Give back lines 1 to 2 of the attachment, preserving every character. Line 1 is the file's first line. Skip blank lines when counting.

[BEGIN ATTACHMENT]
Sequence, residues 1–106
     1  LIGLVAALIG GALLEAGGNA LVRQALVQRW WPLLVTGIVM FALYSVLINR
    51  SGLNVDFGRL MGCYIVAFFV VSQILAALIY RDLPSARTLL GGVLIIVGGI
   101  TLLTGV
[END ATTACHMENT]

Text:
Sequence, residues 1–106
     1  LIGLVAALIG GALLEAGGNA LVRQALVQRW WPLLVTGIVM FALYSVLINR